People with disabilities often face extra difficulties participating in elections. Individuals with mobility impairments, for example, may have difficulty getting to a polling place, getting inside a polling place, and using the voting equipment. People who are blind or have limited vision may have similar problems, particularly with regard to seeing the ballot and registering a choice. People with limited manual dexterity may have problems filling out a ballot or otherwise operating voting equipment, and people with cognitive impairments may have difficulty reading the ballot or understanding how to vote.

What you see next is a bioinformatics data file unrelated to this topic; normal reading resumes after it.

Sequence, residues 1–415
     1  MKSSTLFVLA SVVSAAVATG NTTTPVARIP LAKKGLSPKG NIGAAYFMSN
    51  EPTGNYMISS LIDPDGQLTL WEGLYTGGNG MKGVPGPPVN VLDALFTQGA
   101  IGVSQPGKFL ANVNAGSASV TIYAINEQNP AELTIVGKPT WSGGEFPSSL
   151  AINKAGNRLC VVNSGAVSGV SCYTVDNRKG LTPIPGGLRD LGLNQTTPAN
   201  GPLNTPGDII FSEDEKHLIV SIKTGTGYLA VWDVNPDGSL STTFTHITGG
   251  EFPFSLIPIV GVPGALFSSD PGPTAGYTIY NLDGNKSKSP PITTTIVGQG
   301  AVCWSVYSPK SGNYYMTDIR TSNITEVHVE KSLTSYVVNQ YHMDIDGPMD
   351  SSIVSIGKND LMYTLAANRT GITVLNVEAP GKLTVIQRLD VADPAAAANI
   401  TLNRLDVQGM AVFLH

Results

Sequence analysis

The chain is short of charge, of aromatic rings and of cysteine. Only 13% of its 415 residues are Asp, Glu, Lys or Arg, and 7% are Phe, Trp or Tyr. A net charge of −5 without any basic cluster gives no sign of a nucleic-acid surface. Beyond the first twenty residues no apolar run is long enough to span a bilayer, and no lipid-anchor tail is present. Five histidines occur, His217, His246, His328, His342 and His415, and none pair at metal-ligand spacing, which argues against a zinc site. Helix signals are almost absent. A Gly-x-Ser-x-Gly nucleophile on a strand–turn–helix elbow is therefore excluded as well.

This is an important issue for American elections, in part because of the large number of people with disabilities who are eligible to vote and the likely growth in this number as the population ages. Between 35 and 46 million voting-age people with disabilities live in the United States, making them one of the largest minority groups in the country. Over the past few decades, the disability rights movement has achieved many political gains, such as the passage of the Americans with Disabilities Act (ADA) in 1990. These gains have occurred despite evidence that people with disabilities are generally less likely than those without disabilities to vote or engage in other forms of political action.